Aroostook, Penobscot, Piscataquis, Somerset, and Washington Counties are eligible for emergency drought assistance from the Farm Service Agency
- For drought assistance, start by contacting your local USDA Farm Service Center.
- Farmers in Maine’s eligible counties have eight months from the date of a Secretarial disaster declaration, September 11, to apply for emergency loans.
- FSA considers each emergency loan application on its own merits, considering the extent of production losses on the farm and the operator’s security and repayment ability. The drought disaster declaration may be expanded to other counties if drought conditions persist.
FSA Emergency (EM) loans to eligible producers in all primary and contiguous counties. EM loan funds may be used to:
- Restore or replace essential property;
- Pay all or part of production costs associated with the disaster year;
- Pay essential family living expenses;
- Reorganize the farming operation; and
- Refinance certain debts.
Drought Condition Planning
DACF also encourages farmers to plan for future drought conditions by upgrading their water supplies and improving their soils. The USDA Natural Resources Conservation Service (NRCS) provides technical assistance for agricultural water management plans, farm ponds, and irrigation systems. Soil health practices such as composting, cover crops, and reduced tillage can improve soil moisture-holding capacity. Farmers should contact their local Soil & Water Conservation District or local NRCS Service Center for assistance and recommendations on soil health practices.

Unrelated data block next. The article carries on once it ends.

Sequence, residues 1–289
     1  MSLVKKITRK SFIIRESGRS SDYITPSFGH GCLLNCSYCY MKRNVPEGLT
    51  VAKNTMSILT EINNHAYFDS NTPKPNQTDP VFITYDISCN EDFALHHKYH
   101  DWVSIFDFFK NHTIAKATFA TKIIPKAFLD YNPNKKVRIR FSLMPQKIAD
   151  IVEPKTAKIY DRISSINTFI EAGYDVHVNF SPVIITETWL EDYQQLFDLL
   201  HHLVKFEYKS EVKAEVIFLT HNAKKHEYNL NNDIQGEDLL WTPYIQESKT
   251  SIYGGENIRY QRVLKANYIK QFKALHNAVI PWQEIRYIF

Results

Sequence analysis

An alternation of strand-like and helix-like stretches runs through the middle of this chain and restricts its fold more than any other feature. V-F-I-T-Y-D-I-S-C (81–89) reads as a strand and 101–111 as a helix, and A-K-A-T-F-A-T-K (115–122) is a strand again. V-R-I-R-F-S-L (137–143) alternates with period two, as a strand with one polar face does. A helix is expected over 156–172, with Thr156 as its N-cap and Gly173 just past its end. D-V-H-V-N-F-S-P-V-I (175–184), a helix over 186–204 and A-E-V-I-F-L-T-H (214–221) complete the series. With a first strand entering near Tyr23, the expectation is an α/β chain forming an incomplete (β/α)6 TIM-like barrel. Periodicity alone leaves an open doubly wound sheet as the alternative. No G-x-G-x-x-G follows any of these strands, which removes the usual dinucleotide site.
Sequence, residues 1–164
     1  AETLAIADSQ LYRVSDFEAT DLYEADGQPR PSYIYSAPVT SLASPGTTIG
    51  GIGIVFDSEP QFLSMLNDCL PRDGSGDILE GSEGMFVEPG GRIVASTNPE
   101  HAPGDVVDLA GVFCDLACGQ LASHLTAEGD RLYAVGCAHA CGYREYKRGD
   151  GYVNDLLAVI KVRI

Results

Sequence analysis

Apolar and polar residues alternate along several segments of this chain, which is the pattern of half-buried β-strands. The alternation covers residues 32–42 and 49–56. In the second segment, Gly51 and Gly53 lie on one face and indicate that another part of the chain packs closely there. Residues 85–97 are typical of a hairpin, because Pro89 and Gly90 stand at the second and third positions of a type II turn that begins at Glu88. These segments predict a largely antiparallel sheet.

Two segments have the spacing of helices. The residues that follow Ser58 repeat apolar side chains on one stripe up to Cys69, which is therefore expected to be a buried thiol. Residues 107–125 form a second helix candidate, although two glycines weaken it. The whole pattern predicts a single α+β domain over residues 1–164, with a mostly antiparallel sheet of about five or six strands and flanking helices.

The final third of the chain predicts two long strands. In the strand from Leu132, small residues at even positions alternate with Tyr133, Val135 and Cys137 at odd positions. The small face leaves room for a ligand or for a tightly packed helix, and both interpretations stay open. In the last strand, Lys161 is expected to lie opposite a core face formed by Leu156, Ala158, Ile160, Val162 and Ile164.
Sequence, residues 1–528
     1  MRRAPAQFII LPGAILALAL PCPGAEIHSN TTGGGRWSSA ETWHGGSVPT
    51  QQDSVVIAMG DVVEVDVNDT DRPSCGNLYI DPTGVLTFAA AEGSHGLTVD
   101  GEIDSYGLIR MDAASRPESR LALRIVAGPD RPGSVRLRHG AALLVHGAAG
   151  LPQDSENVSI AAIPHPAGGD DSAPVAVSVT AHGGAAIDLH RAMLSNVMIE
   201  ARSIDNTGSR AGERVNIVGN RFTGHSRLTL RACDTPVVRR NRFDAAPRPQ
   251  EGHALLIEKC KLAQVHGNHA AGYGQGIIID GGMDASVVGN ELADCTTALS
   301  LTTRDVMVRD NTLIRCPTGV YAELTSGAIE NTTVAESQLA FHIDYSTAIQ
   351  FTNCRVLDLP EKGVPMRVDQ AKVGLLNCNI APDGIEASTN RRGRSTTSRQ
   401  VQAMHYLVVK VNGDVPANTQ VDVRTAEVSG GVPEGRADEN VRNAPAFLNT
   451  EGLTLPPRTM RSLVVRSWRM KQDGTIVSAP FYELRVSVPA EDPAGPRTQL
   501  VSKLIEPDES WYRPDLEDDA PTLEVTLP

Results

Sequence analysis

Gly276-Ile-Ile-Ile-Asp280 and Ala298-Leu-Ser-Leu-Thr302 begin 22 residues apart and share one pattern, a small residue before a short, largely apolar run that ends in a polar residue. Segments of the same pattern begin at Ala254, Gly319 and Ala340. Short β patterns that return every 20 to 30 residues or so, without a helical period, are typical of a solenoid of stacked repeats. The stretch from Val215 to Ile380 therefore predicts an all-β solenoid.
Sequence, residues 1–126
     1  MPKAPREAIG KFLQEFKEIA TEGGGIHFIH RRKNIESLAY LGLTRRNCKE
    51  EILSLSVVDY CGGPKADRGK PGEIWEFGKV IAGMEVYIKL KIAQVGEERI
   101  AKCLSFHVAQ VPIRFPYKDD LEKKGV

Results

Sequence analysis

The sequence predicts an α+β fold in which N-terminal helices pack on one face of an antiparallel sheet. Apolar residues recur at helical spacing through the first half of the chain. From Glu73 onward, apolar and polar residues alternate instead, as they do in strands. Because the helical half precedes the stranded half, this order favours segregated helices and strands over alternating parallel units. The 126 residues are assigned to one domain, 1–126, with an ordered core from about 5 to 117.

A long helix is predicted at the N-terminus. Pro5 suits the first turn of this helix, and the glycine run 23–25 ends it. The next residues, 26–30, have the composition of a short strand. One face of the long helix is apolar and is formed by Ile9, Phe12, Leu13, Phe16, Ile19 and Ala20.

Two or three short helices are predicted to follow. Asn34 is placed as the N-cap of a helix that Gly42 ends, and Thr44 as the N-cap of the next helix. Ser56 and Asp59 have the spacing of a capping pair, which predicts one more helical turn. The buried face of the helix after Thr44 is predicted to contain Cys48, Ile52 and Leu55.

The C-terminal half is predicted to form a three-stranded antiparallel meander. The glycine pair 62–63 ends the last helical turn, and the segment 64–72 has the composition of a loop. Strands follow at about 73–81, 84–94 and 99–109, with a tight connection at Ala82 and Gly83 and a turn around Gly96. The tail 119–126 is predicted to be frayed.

Drought Assistance for Livestock and Crops
Farmers in need of hay for their livestock can search the University of Maine Cooperative Extension’s Hay Directory for sources of hay or straw. Farmers with excess hay are encouraged to post availability with the Extension Hay Directory Form.
The following FSA Farm Programs automatically trigger once the county has been at D2 drought status for eight consecutive weeks or immediately upon hitting D3 status for any length of time, as reported weekly by the U.S. Drought Monitor (http://droughtmonitor.unl.edu):
- Livestock Forage Program (LFP) – provides payments to livestock producer for grazing losses
- Emergency Livestock Assistance Program (ELAP) – provides financial assistance to livestock producers for losses resulting from the additional cost of transporting water to livestock due to an eligible drought
- Emergency Conservation Program (ECP) – provides cost-share to provide emergency water during periods of severe drought (specifically for grazing and confined livestock and existing irrigation systems for orchards and vineyards)
The Non-insurable Crop Assistance Program (NAP) – acts like crop insurance but is for non-insurable crops and covers drought-related losses. In this case, the crop loss acts as the trigger for the program.
Farmers called upon to respond to MEMA’s Dry Well Survey
Recently, the Maine Emergency Management Agency (MEMA) launched an on-line Dry Well Survey to assist the State Drought Task Force in assessing the impacts of the drought. Anyone wishing to complete the survey without internet access can call 2-1-1. Completing the survey does not guarantee assistance and helps the Task Force determine how widespread the problem may be and what resources may be needed.
Further information on DACF programs to encourage agricultural development and sustainability may be found on the Department’s Agricultural Resource Development Division website.